This is the start of a series I plan on doing from time to time that will debunk common perceptions about a particular topic of interest to Saab. I’m sure you all have had to counter someone’s claim that Saab is bankrupt, was killed off by GM, or maybe that it’s part of a communist scheme to take over the auto industry (I kid you not, I’ve heard that now twice). We at SaabsUnited aim to give you the tools to shoot down those crackpot theories with real data, backed up by research and facts to prove that Saab is not only in a great position to capitalize on years of development, but already succeeding on their turn-around as an independent automaker.
This inaugural article intends to show that Chinese partnerships, joint-ventures, and even part ownership is not only common in the auto industry, but a necessity if a brand intends to compete in the global market. In the wake of Sweden’s Chinese Ambassador’s Lars Fredén’s initial report on Hawtai, I feel it’s more important than ever to explain the hard facts about China’s auto industry (stay tuned for a post tomorrow that goes more in depth into Hawtai in a much more holistic fair way than you’ll see from Mr. Fredén’s letter home). In January 2009 for the first time ever, China became the number one consumer of cars in the world, and went on to take the title for the entire year. Can you guess what the number one automaker in China in 2010 was? Some domestic automaker you say? In fact, the Volkswagen Auto Group had the highest sales in 2010, when one combines VW, Audi, and Skoda sales, a staggering 1,886,902 cars were moved on Chinese soil. Hot on their heels is General Motors, who between Buick, Chevrolet, and Cadillac sold 1,052,434 units. To that end, nearly every single automaker in the US has representation in China through a joint-venture. The last two exceptions have been Jaguar/Land Rover and of course, Saab. To their credit, JLR have been in talks with Great Wall Motors and expect China to be their third largest market in the next few years. What this all means is that you can’t be a player in the global auto market without a Chinese partner. Saab’s deal with Hawtai motors shows that it takes the changing landscape very seriously.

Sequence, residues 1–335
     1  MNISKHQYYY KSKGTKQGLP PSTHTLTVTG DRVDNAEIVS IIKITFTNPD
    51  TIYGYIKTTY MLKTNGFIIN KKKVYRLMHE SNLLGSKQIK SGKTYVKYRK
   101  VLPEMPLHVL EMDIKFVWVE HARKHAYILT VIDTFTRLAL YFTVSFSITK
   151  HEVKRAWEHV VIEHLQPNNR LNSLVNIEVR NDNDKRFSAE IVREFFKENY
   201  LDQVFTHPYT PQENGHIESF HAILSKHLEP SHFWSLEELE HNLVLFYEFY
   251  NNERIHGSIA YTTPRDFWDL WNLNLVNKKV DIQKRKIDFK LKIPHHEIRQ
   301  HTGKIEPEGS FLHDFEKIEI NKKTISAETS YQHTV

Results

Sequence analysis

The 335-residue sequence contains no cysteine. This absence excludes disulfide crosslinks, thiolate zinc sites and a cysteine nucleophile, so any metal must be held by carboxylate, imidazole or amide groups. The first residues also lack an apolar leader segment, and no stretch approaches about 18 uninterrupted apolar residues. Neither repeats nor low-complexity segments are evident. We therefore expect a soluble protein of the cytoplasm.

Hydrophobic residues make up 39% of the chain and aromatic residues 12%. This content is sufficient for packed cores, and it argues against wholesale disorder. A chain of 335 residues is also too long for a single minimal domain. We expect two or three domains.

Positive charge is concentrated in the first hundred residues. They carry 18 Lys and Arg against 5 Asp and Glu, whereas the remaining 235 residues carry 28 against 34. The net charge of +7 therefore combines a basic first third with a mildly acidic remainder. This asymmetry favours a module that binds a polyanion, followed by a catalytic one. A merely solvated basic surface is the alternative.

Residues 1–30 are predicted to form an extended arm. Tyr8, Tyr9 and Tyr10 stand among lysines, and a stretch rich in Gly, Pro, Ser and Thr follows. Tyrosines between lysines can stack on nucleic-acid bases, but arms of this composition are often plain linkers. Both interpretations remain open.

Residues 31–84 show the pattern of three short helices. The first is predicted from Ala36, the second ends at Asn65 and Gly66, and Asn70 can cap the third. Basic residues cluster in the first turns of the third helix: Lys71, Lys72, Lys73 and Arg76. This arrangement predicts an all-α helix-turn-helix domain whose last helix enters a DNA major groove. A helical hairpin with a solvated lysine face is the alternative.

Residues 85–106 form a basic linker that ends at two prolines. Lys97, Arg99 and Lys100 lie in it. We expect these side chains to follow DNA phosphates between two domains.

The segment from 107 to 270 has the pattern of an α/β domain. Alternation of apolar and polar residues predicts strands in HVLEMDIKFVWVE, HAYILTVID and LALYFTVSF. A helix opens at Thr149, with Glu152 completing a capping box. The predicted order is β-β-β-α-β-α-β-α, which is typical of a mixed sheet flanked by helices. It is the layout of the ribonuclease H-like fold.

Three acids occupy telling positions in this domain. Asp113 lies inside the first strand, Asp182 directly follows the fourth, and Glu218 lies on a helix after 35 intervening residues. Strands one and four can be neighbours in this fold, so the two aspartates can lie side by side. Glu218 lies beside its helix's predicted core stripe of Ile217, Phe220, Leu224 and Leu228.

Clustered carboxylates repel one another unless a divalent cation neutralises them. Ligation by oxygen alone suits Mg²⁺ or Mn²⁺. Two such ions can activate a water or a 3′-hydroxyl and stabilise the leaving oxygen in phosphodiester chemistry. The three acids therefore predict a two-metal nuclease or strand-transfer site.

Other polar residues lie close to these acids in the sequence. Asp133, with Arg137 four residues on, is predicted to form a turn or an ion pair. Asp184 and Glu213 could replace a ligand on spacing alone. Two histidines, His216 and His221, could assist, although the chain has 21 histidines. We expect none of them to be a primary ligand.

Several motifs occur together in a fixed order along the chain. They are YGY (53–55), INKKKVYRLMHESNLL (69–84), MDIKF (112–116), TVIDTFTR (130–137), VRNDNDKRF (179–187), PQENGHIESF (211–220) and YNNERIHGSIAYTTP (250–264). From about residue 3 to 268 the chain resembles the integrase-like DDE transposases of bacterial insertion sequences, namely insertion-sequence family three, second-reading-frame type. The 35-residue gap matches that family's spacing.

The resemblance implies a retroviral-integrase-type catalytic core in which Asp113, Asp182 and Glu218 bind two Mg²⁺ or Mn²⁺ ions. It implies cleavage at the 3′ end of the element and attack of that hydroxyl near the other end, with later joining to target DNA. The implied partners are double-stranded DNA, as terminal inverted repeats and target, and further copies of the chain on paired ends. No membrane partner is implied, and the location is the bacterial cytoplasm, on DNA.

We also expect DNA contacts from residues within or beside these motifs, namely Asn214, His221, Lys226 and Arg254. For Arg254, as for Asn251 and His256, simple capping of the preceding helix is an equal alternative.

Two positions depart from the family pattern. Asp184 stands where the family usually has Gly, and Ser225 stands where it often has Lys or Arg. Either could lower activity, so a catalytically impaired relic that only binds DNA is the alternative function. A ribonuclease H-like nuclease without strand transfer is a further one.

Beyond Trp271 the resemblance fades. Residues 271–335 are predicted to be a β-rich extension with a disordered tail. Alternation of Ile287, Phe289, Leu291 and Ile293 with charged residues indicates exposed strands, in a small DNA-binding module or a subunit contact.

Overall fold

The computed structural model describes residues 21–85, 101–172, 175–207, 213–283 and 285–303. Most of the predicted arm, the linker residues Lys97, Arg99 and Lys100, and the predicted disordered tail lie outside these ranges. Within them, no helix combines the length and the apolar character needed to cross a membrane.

A person familiar with Saab, Nick Reilly, who is head of GM’s International Operations in Shanghai, told thetruthaboutcars.com just how up to speed China is in terms of auto production.
Many Chinese plants are more modern than U.S. plants, where modernization clashes with unions. Reilly agrees:
“Their rate of progress in terms of technology, innovation and quality improvements is really remarkable, and we are totally underestimating the technological advances they are making. The gap has completely shrunk. It is a tenth of what it was and a quarter of what we expected it to be. I think everybody thought we had 10 or 15 years before China became competitive, and that is just not true.”
Here’s a quick snapshot of each major automaker and their Chinese partner, by sales in 2010. For those who knew little about the Chinese auto market before this week, let these statistics be your wake up call.
Volkswagen Auto Group (SAIC-SVG/FAW): 1,886,902
General Motors (SAIC): 1,052,434
Hyundai-Kia (Beijing Hyundai Motor Company-BAIC): 1,036,036
Toyota (Guangzhou Automobile Industry Group – Guangqi Toyota Automobile): 775,245
Nissan (Dongfeng-Nissan): 681,360
Honda (Guangzhou Automobile Industry Group – Guangqi Honda Automobile): 646,355
Peugeot-Citroën (Dongfeng, but soon to be Chang’an): 373,366
Ford (Chang’an): 304,103
Suzuki (Chang’an): 275,672
Mazda (Chang’an): 225.378
BMW (Brilliance): 62.550
Mercedes-Benz (BAIC, BYD 2013+): 58,382
Jaguar/Landrover (in talks with Great Wall Motors): 26,114
Volvo (owned wholly by Geely): 17,090
For skeptics looking for a background on each automaker’s connection to their Chinese partner and additional analysis and insight on the Chinese market, find out after the break.
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